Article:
Revolut, a fast-growing British company that promises “currency exchange without the unfair fees,” recently expanded into the U.S. In February, it raised a $500 million Series D funding round that valued the company at $5.5 billion. Revolut claims more than 10 million users and is one of Europe’s most prominent fintech companies.

It’s not just a foreign exchange platform, either — customers can use Revolut like a checking account. In the U.S., funds are held by Metropolitan Commercial Bank and are insured by the FDIC. Customers can get their paychecks up to two days early via direct deposit. Revolut offers automated bill payments, free peer-to-peer transfers, budgeting tools and access to more than 55,000 Allpoint ATMs. It allows its European customers to invest in five cryptocurrencies and plans to add that feature in the U.S.

I recently took Revolut for a spin

On March 6, the app told me I was number 10,975 on its waiting list. A mere 12 days later, I was invited in. My first stop was to examine their foreign exchange fees. As much as Revolut touts their low rates — they say they offer the interbank exchange rate on over 150 currencies without any markup — I couldn’t find the actual numbers anywhere on their website. I reached out to the company on Twitter and by email and didn’t hear back.

Once I signed up for an account, I could see the rates. And they are compelling. For example, on March 23, I could exchange 100 U.S. dollars for 86.79 British pounds or 93.07 euros. On the same day, the Visa Currency Exchange Calculator said 100 dollars equaled 84.65 pounds or 92.31 euros. And that’s not including any potential foreign transaction fees (almost half of the 100 popular credit cards surveyed by our sister site charged foreign transaction fees in November 2019, and the most common fee was 3%).

I also wanted to see what a major bank would charge to obtain foreign currency at a branch. Wells Fargo has a helpful calculator. On March 23, it was trading 100 dollars for 81.99 pounds or 88.72 euros. The least competitive rates I found were offered by Travelex. According to their website, on the same day, 100 dollars were worth 78.40 pounds or 85.03 euros.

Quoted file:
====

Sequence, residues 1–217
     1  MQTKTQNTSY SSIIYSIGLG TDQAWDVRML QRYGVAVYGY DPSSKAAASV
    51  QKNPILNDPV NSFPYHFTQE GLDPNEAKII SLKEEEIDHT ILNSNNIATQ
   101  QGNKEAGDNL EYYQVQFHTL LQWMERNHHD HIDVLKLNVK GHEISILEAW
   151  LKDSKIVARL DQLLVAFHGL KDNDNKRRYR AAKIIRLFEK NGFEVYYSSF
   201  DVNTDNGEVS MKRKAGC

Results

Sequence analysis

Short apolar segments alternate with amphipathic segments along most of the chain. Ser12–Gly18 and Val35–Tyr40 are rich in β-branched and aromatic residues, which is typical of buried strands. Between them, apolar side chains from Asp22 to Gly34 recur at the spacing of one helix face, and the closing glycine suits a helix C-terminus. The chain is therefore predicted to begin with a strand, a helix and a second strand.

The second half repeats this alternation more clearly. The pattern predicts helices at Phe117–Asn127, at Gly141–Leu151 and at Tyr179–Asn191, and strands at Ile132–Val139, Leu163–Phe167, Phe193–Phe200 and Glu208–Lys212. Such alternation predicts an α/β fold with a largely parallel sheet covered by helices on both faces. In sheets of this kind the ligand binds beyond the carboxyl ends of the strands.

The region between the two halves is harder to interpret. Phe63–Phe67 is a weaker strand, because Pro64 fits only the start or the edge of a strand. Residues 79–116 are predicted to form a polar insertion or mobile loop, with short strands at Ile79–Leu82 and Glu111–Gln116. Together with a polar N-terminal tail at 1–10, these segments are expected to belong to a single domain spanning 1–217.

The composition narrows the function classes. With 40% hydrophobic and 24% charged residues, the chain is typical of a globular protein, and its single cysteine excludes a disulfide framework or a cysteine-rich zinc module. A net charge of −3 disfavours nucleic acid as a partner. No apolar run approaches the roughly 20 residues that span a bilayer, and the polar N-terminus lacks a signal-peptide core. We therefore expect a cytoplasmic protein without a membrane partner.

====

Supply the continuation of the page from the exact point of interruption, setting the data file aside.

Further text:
Revolut’s exchange rates are very good, even after accounting for the fact that most cardholders don’t earn rewards. (It’s worth noting that on Saturdays and Sundays, there’s a 0.5% markup on many major currencies, and 1% on less common ones.)

Extra perks, at a price

In addition to the free version (“Standard”), there’s also Revolut Premium, which costs $9.99 per month, and Revolut Metal, which is $14.99 per month. The main differences are that Premium and Metal customers qualify for free global travel insurance and they can access over 1,000 airport lounges via a partnership with LoungeKey. Most of the time, the lounges require an additional payment, but Premium customers and one guest are admitted for free if their flight is delayed for over an hour (Metal cardholders can bring up to three guests at no charge during such a delay).

Metal customers earn 1% cash back on all of their Revolut card payments. They receive up to $900 in free Allpoint ATM withdrawals per month (Premium cardholders get up to $600 and the Standard limit is up to $300). Above those thresholds, Revolut charges a 2% ATM surcharge.

If you subscribe to Revolut Metal or Premium, you can exchange in 28 fiat currencies without a monthly limit (Standard cardholders are capped at $6,500 per month, which only pertains to holding foreign currencies — all Revolut customers can spend an unlimited amount at the interbank exchange rate in the 150+ currencies the platform supports).

My verdict

Revolut is an interesting company, particularly when it comes to low-cost foreign exchange rates. Of course, international travel has ground to a halt during the COVID-19 pandemic, but hopefully it will rebound before too long. Revolut’s other features are less unique. Still, there’s value in aggregating components that exist in bits and pieces elsewhere.

In some respects, Revolut competes with other challenger banks and neobanks (for example, N26 and Chime). It also overlaps with peer-to-peer transaction platforms such as Venmo and Square/Cash App. It even competes with traditional banks and credit card issuers to an extent.
Ultimately, while I think Revolut is best suited for frequent international jetsetters and people who dabble in foreign currency investments, it offers something for many tastes and should continue to grow, especially among young adults.

Have a question about credit cards? E-mail me at and I’d be happy to help.

Ted Rossman is the industry analyst and columnist at and He has been interviewed by hundreds of media outlets, including the Wall Street Journal, Forbes, NBC Nightly News, CBS News, CNBC and Fox Business. Ted also writes the Wealth and Wants column for, which focuses on cash back cards. He previously spent seven years as a member of the award-winning communications department at and its sister sites, The Points Guy and

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